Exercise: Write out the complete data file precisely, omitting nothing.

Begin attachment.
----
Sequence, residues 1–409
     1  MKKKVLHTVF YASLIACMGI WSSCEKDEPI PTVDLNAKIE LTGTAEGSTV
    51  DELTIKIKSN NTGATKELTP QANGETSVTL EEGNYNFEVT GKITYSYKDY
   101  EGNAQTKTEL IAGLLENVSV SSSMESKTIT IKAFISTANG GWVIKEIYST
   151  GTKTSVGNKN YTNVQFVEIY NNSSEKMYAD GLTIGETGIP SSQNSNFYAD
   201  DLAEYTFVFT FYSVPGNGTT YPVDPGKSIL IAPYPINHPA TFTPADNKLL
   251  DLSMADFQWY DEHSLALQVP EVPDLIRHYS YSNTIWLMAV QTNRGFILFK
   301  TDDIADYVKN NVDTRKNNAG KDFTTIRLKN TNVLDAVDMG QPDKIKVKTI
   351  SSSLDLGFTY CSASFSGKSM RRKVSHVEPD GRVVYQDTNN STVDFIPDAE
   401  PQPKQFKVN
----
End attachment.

Sequence, residues 1–409
     1  MKKKVLHTVF YASLIACMGI WSSCEKDEPI PTVDLNAKIE LTGTAEGSTV
    51  DELTIKIKSN NTGATKELTP QANGETSVTL EEGNYNFEVT GKITYSYKDY
   101  EGNAQTKTEL IAGLLENVSV SSSMESKTIT IKAFISTANG GWVIKEIYST
   151  GTKTSVGNKN YTNVQFVEIY NNSSEKMYAD GLTIGETGIP SSQNSNFYAD
   201  DLAEYTFVFT FYSVPGNGTT YPVDPGKSIL IAPYPINHPA TFTPADNKLL
   251  DLSMADFQWY DEHSLALQVP EVPDLIRHYS YSNTIWLMAV QTNRGFILFK
   301  TDDIADYVKN NVDTRKNNAG KDFTTIRLKN TNVLDAVDMG QPDKIKVKTI
   351  SSSLDLGFTY CSASFSGKSM RRKVSHVEPD GRVVYQDTNN STVDFIPDAE
   401  PQPKQFKVN